!She died in the Kearsh Wind nursing home which is part of the Kershaw county Memorial Hospital. Mother had had a masive heart attack seven years earlier in 1990 and was in the nursing home at the time of her death. She had her early morning (2:00 AM) snack in the nursing home and seemed fine. A few minutes after 3:00 AM she called the nursing station and said "I think I'm dying." They called the doctor from the emergency room and by the time he reached her room she was slipping away. She did not suffer, she just went to sleep. She is buried with her husband, Sam, in the Quaker Cemetery, Camden, SC (David W. Marshall, Sr. May 15, 1997.)

      Find-A-Grave Memorial #114311407
    • Unnumbered Documents - Marshall, Evelyn - Reflections

      The full text of her reflections is shown below. Her daughter, Deanna, worked with her to get this information while she was in the nursing home. She was completely lucid and her mind was clear, so the information below should be accurate.

      Mother tired easily and grew weary of my questions at times. I had to wait until she was in the right frame of mind and felt well enough to deal with these questions that often brought back a flood of memories to her. Therefore, the interviews extended over a long period of time. I tried to use her words insofar as I could, so I put her responses in quotation marks. I was not able to cover all the questions, but covered most of them. In any event, there may be some surprises for all of you. I know there were for me. (Deanna Brewer)

      1. Your Grandparents

      a. Where are they from?

      Maternal Grandparents: "I don't know. Mother's mother was an old Ironside
      Baptist preacher."
      Paternal Grandparents: "South Carolina. Originally from Holland and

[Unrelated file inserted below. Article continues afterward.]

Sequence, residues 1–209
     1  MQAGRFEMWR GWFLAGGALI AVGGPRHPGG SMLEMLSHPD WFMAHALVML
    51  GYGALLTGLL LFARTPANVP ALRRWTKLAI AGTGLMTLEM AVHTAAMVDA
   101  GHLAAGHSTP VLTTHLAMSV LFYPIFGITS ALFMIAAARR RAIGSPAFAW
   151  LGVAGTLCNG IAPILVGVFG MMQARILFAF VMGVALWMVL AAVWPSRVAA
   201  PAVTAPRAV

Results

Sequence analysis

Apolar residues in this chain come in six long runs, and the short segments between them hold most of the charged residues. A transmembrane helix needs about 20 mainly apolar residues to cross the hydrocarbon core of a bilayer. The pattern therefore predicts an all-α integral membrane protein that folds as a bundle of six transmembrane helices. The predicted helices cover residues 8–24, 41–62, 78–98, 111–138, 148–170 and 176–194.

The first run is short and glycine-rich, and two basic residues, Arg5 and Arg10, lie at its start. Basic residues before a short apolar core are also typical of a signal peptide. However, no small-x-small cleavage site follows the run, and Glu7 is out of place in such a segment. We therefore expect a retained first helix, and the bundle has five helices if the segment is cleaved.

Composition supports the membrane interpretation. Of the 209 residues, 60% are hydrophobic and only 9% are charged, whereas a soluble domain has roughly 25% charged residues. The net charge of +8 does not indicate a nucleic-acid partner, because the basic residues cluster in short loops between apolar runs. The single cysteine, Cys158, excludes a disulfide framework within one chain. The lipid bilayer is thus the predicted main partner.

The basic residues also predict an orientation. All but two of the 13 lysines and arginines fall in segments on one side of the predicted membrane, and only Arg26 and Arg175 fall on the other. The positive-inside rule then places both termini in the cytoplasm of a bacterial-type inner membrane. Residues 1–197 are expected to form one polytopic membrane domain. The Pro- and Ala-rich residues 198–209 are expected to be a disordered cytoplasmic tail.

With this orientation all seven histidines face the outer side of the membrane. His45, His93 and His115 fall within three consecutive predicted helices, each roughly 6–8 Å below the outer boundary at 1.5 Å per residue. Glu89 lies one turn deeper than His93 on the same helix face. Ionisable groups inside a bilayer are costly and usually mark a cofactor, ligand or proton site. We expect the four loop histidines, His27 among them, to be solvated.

Ireland. Dad's mother was Dutch and had the blackest
      eyes you ever saw."

      b. Did your grandparents ever tell you stories about when they were little?


      c. Are you like any of your grandparents in any way?

      "Don't know, except I like to have fun like Daddy's daddy. I would ride on his
      shoulders through the park every day after work. We lived in front of the park in
      Richmond, Virginia. I waited on the curb everyday for him and Uncle Russell. I
      loved them. This was when I was between six and nine years old."

      d. Do you have a favorite grandparent memory?

      "I liked to get on the train and go to the beach (Buckroe Beach) twice a year.

      Granddad was a good cook. He cooked in the army in the Spanish-American war.
      He could cook anything. Grandmother was a good cook, too. She cooked on a gas
      stove and sometimes sold what she cooked--meats, vegetables and bread--everything.
      Just a sideline. Granddad worked in the paper mill. They had nine children. When
      she had the last one she said, She took care of the rest and he could take care of that
      one.' Every time he came home, she got pregnant."

      2. Your Parents

      a. Do you know any stories about when they were young?


      b. Do you know how they met each other?

      "They grew up together. They went with friends who were getting married and Dad
      said to Mom, Why don't we get married?' And they did. She was fourteen and he
      was eighteen."

      c. How many wedding anniversaries did they celebrate together?

      "Over 50."

      d. Can you tell me something special you remember about each of your parents?

      "Mother was very loving and tried hard to raise her children.

      Daddy loved music and loved to sing. Runs in the family."

      e. Who do you resemble most?

      "Physically--look like Mother."

      3. When you were young.

      a. What were you like then?

      "A tomboy. I drove my mother crazy. Loved school. Sang in the church choir. Very
      active in church--Baptist Church."

      b. What is your earliest memory?